According to a shocking report, Abu Bakr al Baghdadi, the vicious leader of the Islamic State in Iraq and the Levant, was once in US custody, until officials decided to set him free.
The allegations, which were reported by MailOnline, contend al Baghdadi was among prisoners released by the United States in 2009, as the Camp Bucca detention center was closed down. Now, five years later, al Baghdadi is at the head of a radical Islamist army threatening the security of Iraq. The militants have cut a bloody swath across Iraq as they march toward Baghdad, opening fire on civilians and publicly beheading some individuals.
Multiple theories have been presented for al Baghdadi's radicalization, which may have bearing on why the United States set the vicious killer free. One theory espouses that al Baghdadi entered Camp Bucca un-radicalized, and converted to the violent ideals while a prisoner there. This fits with a reported narrative that al Baghdadi, a farmer, was apprehended by the U.S. Military as part of a widespread sweep.
Another version of the story, however, contends that al Baghdadi was radicalized before he was imprisoned by US forces. Claiming that he also uses the alias Abu Duaa, a 2005 American intelligence report connected him to militant actions in Quaim, MailOnline reports.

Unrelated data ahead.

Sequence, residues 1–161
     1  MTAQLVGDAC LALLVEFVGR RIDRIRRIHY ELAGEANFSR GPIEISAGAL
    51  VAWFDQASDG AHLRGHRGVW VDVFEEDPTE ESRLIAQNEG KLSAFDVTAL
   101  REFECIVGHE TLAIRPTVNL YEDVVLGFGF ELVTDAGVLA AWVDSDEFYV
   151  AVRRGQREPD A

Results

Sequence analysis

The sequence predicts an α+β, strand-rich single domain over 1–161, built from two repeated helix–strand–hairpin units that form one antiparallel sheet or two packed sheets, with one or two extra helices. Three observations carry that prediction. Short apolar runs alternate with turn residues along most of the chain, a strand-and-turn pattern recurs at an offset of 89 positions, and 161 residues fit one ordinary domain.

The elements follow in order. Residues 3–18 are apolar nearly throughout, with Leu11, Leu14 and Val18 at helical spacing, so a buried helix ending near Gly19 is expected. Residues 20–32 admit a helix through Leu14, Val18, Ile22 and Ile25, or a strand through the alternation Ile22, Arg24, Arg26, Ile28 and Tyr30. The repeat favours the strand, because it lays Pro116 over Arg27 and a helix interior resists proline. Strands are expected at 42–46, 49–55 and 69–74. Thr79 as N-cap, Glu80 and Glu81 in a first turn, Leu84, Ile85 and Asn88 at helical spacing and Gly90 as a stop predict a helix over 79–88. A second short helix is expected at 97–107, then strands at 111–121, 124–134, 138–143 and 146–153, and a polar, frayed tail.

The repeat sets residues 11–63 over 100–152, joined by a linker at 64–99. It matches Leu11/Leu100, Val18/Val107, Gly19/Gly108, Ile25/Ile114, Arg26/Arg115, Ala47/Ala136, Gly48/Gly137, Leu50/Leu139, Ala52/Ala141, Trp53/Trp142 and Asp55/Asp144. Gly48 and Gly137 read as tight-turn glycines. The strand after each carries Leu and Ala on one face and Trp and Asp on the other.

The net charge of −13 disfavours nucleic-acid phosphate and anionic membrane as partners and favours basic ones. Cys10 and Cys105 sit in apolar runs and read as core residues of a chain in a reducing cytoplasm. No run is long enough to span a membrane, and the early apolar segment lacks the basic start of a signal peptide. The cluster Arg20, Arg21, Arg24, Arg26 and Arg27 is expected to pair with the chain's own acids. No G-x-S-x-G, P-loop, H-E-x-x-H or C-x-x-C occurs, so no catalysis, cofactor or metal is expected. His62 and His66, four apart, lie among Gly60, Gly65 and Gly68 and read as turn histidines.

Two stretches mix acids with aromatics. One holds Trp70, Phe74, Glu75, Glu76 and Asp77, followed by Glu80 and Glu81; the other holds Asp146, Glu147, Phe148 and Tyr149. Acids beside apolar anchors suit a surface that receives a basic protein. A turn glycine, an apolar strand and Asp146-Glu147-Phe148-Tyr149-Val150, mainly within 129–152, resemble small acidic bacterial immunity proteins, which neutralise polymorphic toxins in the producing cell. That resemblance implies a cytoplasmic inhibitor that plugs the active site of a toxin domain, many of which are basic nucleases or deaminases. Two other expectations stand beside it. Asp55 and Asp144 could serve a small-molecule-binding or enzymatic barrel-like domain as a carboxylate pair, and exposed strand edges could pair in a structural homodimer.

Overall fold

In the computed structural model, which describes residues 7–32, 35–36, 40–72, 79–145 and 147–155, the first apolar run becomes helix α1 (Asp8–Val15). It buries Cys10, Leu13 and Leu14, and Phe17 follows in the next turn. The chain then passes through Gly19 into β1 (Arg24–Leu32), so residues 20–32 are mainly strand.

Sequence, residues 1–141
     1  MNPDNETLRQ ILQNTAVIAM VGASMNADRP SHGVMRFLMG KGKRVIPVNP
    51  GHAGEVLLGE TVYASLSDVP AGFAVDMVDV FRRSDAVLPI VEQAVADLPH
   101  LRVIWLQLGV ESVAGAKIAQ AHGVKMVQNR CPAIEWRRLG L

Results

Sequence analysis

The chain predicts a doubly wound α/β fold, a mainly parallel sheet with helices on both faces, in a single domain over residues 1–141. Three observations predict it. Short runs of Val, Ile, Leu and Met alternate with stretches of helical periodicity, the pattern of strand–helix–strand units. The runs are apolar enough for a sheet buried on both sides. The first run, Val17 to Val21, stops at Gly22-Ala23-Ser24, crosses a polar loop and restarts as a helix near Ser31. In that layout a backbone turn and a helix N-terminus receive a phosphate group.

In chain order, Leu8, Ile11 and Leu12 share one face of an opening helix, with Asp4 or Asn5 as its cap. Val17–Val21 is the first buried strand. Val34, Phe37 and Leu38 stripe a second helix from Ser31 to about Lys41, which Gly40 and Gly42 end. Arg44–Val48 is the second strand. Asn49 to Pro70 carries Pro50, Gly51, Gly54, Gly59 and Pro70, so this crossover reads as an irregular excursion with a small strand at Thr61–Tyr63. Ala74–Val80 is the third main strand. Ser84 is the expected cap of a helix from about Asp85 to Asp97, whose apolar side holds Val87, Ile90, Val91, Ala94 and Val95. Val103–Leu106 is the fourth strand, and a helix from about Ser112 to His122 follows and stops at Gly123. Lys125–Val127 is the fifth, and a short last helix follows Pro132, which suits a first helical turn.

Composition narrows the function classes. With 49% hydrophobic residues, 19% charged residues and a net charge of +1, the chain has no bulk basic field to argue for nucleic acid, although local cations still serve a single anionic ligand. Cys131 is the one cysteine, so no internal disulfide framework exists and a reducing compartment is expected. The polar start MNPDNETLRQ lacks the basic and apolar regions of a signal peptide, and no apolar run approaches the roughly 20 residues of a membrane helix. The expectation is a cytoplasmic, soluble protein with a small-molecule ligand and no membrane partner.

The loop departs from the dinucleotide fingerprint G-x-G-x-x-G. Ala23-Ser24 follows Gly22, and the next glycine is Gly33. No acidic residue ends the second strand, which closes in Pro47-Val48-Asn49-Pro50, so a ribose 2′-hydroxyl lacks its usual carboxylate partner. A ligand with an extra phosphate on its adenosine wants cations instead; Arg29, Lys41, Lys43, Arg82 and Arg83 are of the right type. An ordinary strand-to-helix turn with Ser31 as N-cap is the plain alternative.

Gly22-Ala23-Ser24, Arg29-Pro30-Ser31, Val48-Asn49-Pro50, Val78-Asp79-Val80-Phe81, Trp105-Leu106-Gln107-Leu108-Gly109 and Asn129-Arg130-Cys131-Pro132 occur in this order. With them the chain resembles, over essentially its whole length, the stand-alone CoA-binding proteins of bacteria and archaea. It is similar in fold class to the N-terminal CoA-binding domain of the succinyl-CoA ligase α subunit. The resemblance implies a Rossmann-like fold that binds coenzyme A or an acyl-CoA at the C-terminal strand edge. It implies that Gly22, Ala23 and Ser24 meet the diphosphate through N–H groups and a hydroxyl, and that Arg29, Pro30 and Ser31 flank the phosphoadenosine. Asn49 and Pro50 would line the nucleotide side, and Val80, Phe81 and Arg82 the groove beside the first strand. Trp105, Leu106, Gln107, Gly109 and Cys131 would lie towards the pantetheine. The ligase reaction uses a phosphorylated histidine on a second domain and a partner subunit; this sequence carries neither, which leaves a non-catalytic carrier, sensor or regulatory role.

ISIS (which can also be translated as ISIL) has been on a brutal warpath across Iraq, in a military action that largely caught the United States unawares. As The Inquisitr reported, al Baghdadi's militants seized the cities of Mosul and Tikrit this past week, in efforts to establish an Islamic Caliphate in territory controlled by the militants.
Adding to the debate about al Baghdadi, some observers assert that the ISIS leader may be a combination of several individuals, all using the same name. As The Telegraph notes, British Lieutenant-General Sir Graeme Lamb, claims that forces in Iraq "either arrested or killed a man of that name about half a dozen times." Speaking of al Baghdadi, Lamb added that he is "not sure where fact and fiction meet," in relation to the terrorist. Very mindful of the $10 million dollar price on his head, al Baghdadi is notoriously media shy, wearing a mask in front of all but his most devout followers, giving further credence to the idea that he may be an amalgamation of leaders.
While it was not immediately clear why al Baghdadi was set free, the reason why will no doubt be the subject of much speculation in the days to come.